With your project and the book it’s based on, you consider the concept of people-pleasing. How do you feel comedy might be about pleasing people, but not being a people-pleaser?
A lot of the things I’ve done have succeeded on the Internet, and it’s through likes and shares and all this data. And this is how you know that people liked this thing. If people don’t like it, you can delete it and that’s a very people-pleasing thing to do. “I made something. Oh, you don’t like it? I’m gonna take it down. You’re right. I’m wrong. It’s terrible.” That will get you absolutely nowhere. You want the audience to get it. I want people to laugh. I want people to enjoy it. But at the same time, the only way for them to like it and enjoy it is if it’s not what they asked for. No one asked me to lip-sync Trump. I did that. I came up with that because I was jealous. I was like, “I want to be a doofus, spouting ridiculous stuff and having people think I’m brilliant. I would love that.” So that’s why I did it. But people actually hate getting exactly what they want when it comes to art, when it comes to comedy. So that’s the tough thing about it. Yes, you want to please them but in order to please them, you can’t worry about pleasing them.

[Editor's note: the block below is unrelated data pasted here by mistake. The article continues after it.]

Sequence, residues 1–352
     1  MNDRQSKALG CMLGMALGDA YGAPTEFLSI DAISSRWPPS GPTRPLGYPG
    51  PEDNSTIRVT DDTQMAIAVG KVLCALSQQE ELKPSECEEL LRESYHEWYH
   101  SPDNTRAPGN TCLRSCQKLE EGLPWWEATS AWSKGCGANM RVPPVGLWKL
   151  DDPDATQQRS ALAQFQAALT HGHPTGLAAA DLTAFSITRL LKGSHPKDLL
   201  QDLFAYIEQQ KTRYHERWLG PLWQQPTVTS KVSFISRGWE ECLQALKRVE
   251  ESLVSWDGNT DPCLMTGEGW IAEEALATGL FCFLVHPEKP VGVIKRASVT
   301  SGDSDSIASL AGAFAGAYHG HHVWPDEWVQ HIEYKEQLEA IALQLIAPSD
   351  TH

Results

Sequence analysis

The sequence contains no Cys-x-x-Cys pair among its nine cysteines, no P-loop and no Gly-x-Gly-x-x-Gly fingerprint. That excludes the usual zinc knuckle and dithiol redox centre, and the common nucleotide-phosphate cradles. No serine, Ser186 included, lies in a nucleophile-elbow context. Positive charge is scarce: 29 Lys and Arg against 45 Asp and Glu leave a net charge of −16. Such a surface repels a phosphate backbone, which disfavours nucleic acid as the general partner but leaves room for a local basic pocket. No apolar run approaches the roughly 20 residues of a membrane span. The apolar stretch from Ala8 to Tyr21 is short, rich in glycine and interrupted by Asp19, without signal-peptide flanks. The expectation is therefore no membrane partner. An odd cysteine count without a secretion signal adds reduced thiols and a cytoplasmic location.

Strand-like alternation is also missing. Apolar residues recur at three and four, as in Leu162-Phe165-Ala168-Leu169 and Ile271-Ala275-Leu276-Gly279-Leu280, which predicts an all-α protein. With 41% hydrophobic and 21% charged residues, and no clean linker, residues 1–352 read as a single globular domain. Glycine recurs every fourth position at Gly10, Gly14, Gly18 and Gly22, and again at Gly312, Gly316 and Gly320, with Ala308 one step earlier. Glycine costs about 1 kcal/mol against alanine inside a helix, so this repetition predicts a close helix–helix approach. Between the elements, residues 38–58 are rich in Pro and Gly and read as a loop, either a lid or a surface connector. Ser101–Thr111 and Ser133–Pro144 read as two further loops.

You worked on this over the course of three years, and in those three years, the world went through a bit of an upheaval. How did the contents of the last three years impact your work on Let’s Catch Up Soon and beyond?
In 2019, I was working out of a WeWork and there were a lot of things that really helped that were applicable to my being at WeWork — like introducing myself to the person who sat at the desk next to me, introducing myself to the security guard. Going to open mics and meeting fellow comedians and making connections that way. I could do those things in real time. I was very lucky because I worked very quickly in 2019. Actually, I’ll be honest, like, if you start doing anything, you’ll start to meet people pretty quickly. But then everything shut down and I met all of these celebrities and famous people, and I went from applying principles to people I was meeting at open mics around my neighborhood to applying these things to people on-set and in writers’ rooms for my special, meeting Jimmy Fallon and meeting Ellen [DeGeneres].